Australia refused to give a A$25 million ($21.8 million) grant to local fruit processor SPC Ardmona Ltd. saying parent Coca-Cola Amatil Ltd. was capable of restructuring the company without government support.
Coca-Cola Amatil is a “very, very strong business,” Prime Minister Tony Abbott told reporters in Canberra today after his Cabinet decided to turn down the request for aid. “This is a business which well and truly has the resources to ensure that SPC Ardmona is in a strong position to restructure.”
Abbott’s government, elected in September vowing to cut taxes and ease red tape for businesses, has said it doesn’t believe in “corporate welfare” to prop up ailing companies. Coca-Cola Amatil had applied for temporary tariff protection to stop imported packaged fruit being dumped into Australia and sought a government grant to support a restructuring of the unit’s operations.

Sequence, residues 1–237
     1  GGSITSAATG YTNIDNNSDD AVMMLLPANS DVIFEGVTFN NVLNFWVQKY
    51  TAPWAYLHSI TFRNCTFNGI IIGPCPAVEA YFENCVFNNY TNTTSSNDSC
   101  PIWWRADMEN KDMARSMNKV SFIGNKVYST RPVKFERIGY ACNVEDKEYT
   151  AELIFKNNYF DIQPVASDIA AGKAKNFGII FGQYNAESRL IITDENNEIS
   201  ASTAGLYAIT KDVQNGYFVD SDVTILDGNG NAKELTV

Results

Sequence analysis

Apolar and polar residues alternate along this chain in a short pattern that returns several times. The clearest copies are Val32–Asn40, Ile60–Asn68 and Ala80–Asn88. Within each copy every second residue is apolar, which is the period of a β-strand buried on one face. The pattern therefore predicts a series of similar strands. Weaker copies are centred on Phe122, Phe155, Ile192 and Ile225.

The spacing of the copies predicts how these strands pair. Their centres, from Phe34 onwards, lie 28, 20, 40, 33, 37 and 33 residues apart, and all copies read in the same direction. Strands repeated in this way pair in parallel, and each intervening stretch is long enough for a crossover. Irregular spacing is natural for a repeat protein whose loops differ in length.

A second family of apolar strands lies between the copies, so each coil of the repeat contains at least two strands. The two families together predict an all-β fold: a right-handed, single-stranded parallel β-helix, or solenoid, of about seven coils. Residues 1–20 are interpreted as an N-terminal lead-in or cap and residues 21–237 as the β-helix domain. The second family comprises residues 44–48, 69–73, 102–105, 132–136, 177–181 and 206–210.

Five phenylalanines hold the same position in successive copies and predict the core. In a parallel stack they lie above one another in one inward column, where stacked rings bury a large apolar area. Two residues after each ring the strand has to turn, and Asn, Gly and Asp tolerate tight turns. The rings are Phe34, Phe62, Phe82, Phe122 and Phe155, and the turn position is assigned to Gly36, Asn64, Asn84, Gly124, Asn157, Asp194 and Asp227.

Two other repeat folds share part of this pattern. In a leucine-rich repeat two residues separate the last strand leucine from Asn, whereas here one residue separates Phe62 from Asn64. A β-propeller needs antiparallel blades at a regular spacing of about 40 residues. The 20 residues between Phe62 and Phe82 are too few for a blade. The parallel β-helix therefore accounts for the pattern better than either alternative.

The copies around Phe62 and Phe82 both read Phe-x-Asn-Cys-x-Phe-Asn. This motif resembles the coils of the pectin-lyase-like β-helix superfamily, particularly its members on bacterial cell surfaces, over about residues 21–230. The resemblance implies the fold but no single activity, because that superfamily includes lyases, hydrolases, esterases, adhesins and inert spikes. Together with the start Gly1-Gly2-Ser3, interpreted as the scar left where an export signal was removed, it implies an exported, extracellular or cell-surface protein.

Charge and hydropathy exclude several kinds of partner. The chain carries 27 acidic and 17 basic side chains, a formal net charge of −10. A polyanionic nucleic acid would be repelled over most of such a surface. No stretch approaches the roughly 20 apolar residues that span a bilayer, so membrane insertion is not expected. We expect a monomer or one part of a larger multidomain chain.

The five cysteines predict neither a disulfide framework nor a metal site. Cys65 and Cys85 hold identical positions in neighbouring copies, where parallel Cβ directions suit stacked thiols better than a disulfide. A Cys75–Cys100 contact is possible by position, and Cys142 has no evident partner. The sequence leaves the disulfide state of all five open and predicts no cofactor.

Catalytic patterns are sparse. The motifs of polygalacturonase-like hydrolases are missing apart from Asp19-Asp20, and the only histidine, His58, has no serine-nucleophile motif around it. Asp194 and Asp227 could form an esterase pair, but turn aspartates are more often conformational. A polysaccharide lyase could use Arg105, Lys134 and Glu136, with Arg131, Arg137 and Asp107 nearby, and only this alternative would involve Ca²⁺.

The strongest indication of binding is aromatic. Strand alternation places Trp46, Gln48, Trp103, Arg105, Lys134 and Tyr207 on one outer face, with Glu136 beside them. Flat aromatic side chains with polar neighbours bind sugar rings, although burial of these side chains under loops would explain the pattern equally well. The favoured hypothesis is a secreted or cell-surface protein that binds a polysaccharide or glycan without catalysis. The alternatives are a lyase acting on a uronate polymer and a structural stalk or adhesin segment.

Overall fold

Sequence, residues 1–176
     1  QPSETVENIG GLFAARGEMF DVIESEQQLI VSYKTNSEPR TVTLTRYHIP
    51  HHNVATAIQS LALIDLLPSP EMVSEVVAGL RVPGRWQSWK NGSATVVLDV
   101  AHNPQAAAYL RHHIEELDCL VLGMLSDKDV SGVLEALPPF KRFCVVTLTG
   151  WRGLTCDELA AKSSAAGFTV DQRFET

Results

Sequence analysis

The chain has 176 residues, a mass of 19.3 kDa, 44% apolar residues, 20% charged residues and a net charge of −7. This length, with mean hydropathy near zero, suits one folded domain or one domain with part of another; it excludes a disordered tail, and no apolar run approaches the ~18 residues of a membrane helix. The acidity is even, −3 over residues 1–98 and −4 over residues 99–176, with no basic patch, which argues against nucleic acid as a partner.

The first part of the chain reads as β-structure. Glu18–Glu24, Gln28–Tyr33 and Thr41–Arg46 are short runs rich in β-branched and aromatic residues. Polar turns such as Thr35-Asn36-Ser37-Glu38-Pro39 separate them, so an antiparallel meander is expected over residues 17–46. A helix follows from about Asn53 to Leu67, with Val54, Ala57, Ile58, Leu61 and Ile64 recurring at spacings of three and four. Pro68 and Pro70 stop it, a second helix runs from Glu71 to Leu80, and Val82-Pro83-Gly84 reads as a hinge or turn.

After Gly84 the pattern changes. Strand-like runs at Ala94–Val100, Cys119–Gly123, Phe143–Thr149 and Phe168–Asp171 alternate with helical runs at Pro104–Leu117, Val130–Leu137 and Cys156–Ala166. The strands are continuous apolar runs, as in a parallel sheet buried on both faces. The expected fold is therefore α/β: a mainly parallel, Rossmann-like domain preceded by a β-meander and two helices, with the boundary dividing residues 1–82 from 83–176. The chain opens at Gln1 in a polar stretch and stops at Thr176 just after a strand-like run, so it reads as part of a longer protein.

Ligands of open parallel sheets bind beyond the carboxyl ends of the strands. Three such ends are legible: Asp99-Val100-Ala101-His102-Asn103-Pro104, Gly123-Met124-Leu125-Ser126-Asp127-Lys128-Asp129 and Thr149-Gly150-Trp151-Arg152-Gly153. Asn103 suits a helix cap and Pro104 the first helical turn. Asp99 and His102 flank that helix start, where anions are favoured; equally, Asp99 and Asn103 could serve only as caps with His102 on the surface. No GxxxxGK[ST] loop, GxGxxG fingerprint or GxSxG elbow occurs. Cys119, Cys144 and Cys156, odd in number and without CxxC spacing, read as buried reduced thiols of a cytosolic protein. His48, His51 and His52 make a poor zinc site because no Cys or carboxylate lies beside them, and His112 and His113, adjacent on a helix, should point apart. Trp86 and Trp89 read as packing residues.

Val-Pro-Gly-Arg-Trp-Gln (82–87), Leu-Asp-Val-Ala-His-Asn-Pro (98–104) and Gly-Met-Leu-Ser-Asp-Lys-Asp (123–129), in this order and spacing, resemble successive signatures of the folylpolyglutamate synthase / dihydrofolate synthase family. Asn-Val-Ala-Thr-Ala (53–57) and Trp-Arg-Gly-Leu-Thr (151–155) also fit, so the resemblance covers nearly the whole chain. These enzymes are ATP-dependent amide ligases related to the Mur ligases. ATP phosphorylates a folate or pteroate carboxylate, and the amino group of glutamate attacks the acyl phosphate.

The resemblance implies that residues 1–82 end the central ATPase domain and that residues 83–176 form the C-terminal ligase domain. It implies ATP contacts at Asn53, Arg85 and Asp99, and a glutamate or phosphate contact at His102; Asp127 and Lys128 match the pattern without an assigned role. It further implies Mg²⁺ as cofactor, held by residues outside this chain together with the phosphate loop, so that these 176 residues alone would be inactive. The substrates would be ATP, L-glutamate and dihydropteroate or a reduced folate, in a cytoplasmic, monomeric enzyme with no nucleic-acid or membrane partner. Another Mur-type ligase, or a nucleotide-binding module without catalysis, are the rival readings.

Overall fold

Coca-Cola Amatil, which had pledged to invest A$90 million in the unit contingent on the grant being approved, said the decision meant a further A$25 million in aid from Victoria state wouldn’t go ahead.
The company will undertake a review of the unit’s carrying value and a write down of its assets, with details to be announced at its full-year results on Feb. 18, it said in a regulatory statement today.
Shares in Coca-Cola Amatil declined 11 percent last year, compared with a 15 percent gain for the benchmark S&P/ASX 200 Index. The announcement came after the market closed in Sydney, and the stock ended down 0.9 percent at A$11.79.
The Sydney-based company said in a November trading update it expected earnings before interest and tax in the year ending Dec. 31 to be as much as 7 percent lower than the previous year, before significant items. Net income fell 12 percent to A$216 million in the six months through June, Coca-Cola Amatil reported Aug. 20.
SPC Ardmona has produced and canned tomatoes, stone fruit and vegetables in Australia’s southeast for more than 90 years, according to its website.